Security Experts:

Vulnerability Exposed Tesla Central Touchscreen to DoS Attacks

Tesla Model 3 hacked again

Hackers could have caused a Tesla Model 3’s central touchscreen to become unusable simply by getting the targeted user to visit a specially crafted website. The car maker has released a software update that patches the vulnerability.

A researcher who uses the online moniker Nullze discovered that the Tesla Model 3’s web interface is affected by a denial-of-service (DoS) vulnerability.

The flaw, tracked as CVE-2020-10558 and blamed on “improper process separation,” allows an attacker to cause the central display to become unresponsive.

“[The vulnerability] allows attackers to disable the speedometer, web browser, climate controls, turn signals, navigation, autopilot notifications, and blinker notifications along with other miscellaneous functions from the main screen,” Nullze explained in a blog post.

“To exploit the vulnerability, a user has to go to a specially crafted web page. This web page will crash the chromium-based browser interface and inherently crash the entire Tesla Model 3 interface,” he added.

The researcher pointed out that while exploitation of the vulnerability causes the central display to crash, the car can still be driven. The display starts working once the car has been turned off and turned on again.

The vulnerability was reported to Tesla through the electric car maker’s bug bounty program on Bugcrowd. The researcher was awarded an undisclosed bug bounty for his findings.

Tesla offers between $100 and $15,000 for vulnerabilities. Last year, the company awarded $10,000 to a researcher who discovered a stored cross-site scripting (XSS) vulnerability that could have been exploited to obtain vehicle information.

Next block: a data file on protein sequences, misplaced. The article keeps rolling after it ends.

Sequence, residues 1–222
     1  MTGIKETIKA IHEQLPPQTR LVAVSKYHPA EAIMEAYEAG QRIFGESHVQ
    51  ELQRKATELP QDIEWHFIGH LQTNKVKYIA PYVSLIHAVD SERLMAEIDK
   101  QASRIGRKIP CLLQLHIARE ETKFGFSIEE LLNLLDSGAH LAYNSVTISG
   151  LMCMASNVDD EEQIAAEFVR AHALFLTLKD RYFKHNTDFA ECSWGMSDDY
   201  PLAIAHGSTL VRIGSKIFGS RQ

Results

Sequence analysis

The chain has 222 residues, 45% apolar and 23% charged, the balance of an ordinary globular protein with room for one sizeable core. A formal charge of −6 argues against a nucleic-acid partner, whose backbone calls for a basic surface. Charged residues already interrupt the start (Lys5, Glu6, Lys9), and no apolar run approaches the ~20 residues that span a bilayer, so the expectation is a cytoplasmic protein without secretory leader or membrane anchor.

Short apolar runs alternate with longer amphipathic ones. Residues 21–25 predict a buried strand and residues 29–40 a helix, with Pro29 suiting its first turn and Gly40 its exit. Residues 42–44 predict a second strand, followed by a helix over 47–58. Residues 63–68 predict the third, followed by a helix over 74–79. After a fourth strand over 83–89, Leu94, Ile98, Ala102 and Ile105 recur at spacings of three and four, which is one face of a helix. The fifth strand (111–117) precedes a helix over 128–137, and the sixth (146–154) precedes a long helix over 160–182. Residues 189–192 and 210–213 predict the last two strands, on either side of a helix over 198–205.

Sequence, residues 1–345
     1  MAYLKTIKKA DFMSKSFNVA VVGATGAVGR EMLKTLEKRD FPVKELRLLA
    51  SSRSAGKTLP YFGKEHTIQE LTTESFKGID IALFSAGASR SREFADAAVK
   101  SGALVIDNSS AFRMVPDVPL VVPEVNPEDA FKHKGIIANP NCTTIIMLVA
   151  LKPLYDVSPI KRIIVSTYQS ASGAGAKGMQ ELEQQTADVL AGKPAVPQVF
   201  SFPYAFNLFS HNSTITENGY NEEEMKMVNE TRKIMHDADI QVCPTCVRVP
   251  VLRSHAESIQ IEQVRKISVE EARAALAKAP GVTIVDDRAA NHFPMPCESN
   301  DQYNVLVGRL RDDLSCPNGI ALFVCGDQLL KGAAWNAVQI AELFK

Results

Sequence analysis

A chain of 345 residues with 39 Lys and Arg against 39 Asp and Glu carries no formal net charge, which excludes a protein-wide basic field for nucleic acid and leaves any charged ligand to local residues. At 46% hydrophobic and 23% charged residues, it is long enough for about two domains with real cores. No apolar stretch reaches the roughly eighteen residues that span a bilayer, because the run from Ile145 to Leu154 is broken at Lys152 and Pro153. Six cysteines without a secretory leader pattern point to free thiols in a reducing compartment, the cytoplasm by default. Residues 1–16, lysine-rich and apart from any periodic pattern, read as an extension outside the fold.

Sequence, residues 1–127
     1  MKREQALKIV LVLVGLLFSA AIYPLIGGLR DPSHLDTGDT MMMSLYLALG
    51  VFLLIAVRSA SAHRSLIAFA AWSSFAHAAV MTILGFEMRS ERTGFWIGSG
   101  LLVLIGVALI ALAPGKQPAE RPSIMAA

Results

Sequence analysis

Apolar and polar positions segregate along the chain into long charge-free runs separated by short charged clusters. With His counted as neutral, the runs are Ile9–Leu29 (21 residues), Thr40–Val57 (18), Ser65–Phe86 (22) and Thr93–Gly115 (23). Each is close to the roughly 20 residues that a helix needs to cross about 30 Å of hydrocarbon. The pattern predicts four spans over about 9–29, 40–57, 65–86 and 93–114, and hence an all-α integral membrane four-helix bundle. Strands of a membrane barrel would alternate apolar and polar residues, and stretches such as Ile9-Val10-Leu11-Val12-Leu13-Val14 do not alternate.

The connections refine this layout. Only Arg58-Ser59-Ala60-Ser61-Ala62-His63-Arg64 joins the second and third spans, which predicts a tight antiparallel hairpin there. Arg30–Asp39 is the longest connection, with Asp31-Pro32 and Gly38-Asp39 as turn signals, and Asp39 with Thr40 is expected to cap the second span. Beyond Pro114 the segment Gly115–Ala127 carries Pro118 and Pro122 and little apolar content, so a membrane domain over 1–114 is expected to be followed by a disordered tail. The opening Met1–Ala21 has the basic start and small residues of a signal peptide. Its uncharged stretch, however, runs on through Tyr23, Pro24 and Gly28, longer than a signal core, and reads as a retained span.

The company patched the flaw reported by Nullze with the release of version 2020.4.10 in mid-February. Software updates are automatically pushed to Tesla vehicles, and users can either install them immediately — if they are not about to drive the car — or schedule them for later.

Tesla owners who have yet to install the update can test the vulnerability by using a proof-of-concept (PoC) exploit made available by Nullze. The expert has also published several videos showing the exploit in action.

Nullze said he started looking at the security of Tesla cars after seeing Amat Cama and Richard Zhu win a Tesla at the Pwn2Own 2019 competition after they hacked the vehicle’s web browser.

Related: Tesla Breach: Malicious Insider Revenge or Whistleblowing?

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Eduard Kovacs (@EduardKovacs) is a contributing editor at SecurityWeek. He worked as a high school IT teacher for two years before starting a career in journalism as Softpedia’s security news reporter. Eduard holds a bachelor’s degree in industrial informatics and a master’s degree in computer techniques applied in electrical engineering.